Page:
I know one major scale that goes

e|----------------------------------------------------------12-14-15
B|----------------------------------------------12-13-15------------
G|----------------------------------11-12-14------------------------
D|-----------------------10-12-14-----------------------------------
A|------------10-12-14----------------------------------------------
E|-10-12-14---------------------------------------------------------

I thought they were called "modes though" I use it whenever I solo, but not when I play riffs.


Modes are scales that all come from the root. Basically, a mode takes the major scale (a. k. a. the Ionian mode) and moves the 1st note from the front to the back. For example, the 1st mode, the Ionian, goes thru intervals like this W, W, H, W, W, W, H. The 2nd goes W, H, W, W, W, H, W and so on til the 7th and last mode. The Modes, in order from 1st to 7th, are Ionian, Dorian, Phrygian, Lydian, Mixolydian, Aeolian, and Locrian. There's a good article at wikipedia that explains the modes very well; it's here, http://en.wikipedia.org/wiki/Musical_modes.
#17
MUCH appreciated. I've looked all over the net and never was able to fully understand what a mode is. Thanks man
#18
Yeah the wikipedia article on modes should teach you most of what you need to know.

First off, I will point out, playing chords with distortion isn't a very good idea. I would explain but, I will probably just end up confusing myself. So use powerchords, and you can always use variations on them.

When using scales to help compose, make sure you don't just ascend and descend the scale. Find notes in the scale, intervals which you like the sound of. Try imagine what you want to play in your head then work it out. Chances are at the stage your at, it will involve the major scale.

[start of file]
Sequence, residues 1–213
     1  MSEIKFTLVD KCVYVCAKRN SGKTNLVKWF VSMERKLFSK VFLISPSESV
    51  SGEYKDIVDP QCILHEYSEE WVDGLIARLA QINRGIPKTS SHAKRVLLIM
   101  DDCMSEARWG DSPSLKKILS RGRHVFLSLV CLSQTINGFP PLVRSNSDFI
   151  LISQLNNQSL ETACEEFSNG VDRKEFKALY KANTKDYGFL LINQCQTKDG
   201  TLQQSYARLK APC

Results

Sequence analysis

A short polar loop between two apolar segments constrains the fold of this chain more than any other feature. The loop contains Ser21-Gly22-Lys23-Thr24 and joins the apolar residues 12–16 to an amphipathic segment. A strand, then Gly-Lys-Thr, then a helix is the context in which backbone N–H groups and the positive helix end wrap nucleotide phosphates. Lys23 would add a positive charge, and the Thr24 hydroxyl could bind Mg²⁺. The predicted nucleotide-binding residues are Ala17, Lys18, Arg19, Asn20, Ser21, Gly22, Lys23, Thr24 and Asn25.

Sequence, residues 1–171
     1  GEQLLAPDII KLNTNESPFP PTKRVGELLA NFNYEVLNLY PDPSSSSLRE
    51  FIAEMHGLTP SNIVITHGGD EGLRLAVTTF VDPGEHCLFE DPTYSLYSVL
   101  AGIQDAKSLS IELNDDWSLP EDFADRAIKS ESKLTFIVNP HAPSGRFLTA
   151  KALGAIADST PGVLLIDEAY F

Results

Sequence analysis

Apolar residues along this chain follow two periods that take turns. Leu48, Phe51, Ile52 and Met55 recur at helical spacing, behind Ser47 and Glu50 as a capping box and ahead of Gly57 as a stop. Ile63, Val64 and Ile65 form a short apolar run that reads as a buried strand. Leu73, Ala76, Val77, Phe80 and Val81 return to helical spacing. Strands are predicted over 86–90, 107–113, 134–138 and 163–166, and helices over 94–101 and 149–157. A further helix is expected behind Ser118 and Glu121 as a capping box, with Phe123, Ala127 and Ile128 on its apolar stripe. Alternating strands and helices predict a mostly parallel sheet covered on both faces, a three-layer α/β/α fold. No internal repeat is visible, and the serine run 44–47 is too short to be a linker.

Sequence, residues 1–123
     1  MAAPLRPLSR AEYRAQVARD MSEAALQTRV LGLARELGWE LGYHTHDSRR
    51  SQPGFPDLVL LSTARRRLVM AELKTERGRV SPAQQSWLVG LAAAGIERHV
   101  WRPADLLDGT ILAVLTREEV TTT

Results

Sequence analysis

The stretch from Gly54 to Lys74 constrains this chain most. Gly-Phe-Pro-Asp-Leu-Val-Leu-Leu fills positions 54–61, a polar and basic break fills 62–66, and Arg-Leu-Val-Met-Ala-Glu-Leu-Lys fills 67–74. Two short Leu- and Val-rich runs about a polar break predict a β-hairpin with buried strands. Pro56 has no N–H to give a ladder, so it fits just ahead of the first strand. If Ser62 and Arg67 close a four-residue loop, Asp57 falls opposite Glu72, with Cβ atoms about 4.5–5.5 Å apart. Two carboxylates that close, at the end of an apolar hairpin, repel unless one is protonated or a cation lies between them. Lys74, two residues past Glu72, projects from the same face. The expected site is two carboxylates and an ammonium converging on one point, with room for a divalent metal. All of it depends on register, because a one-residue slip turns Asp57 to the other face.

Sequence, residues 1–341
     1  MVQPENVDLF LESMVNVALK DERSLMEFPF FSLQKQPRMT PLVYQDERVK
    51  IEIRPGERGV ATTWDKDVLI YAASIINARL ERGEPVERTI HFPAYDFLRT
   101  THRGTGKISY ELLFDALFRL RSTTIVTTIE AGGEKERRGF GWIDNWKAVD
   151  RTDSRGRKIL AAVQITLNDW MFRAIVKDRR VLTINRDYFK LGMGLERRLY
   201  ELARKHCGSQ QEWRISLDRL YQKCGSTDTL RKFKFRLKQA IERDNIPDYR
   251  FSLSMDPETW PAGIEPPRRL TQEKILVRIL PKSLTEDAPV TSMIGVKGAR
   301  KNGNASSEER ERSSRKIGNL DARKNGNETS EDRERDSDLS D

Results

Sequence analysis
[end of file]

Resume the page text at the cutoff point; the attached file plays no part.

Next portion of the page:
The major scale doesn't really change with every different key. If you look at the major scale there are particular shapes that can be used on the guitar, however there is theory behind it. I reccomend you learn the circle of fifths, also, try learning the major scale on piano.

The intervals (relationship of pitch between each notes) is the same with all the major scales. (ionian)

I assume you know that notes in music only go upto G# and that B and E do not have sharps.

C C# D D# E F F# G G# A A# B C
.    .    . .    .    .    . .
T    T    S T    T    T    S

T - Tone
S - Semitone


This pattern applies to every major scale. All scales have a pattern, that is what makes the scale distinct, I reccomend you learn others.

First off start learning the minor scale, and then move onto modes. Alot of things are explained in music with things such as the lydian mode is

1 2 3 #4 5 6 7

That means it is like the major scale, but the 4th note of the major scale is raised a semitone. Play around with scales, I find alot of the time if you put a basic guitar rhythm (you can always do new things as you advance, but maybe just start by doing what the bass does with the rhythm guitar, ALOT of bands do this. Just have the guitar do powerchords of what the bass is doing) and then add a lead part which will come to you by just playing the scale over the top until you find something you like.

Also, I'm not sure of this, but you may not be writing in the same key... Find out what key the music you are writing is in, it will help you write other parts alot faster.

By the way, wrong forum.

Edit: Just attached an attempt at writing similar to ACDC. It's quite short, it's mainly using the E minor scale, notably the E minor pentatonic.
Attachments:
Idea 128.1.zip
Last edited by Regression at Oct 28, 2008,
#19
i would say it mostly comes with time. i dont think you can think up a riff that sounds as good as one that just comes to you. keeping things natural and flowing is key in music. thus, using a scale to keep it all together works for me. i use c minor alot. i also use e major. thats just how i am i think.. so i guess just find your happy zone.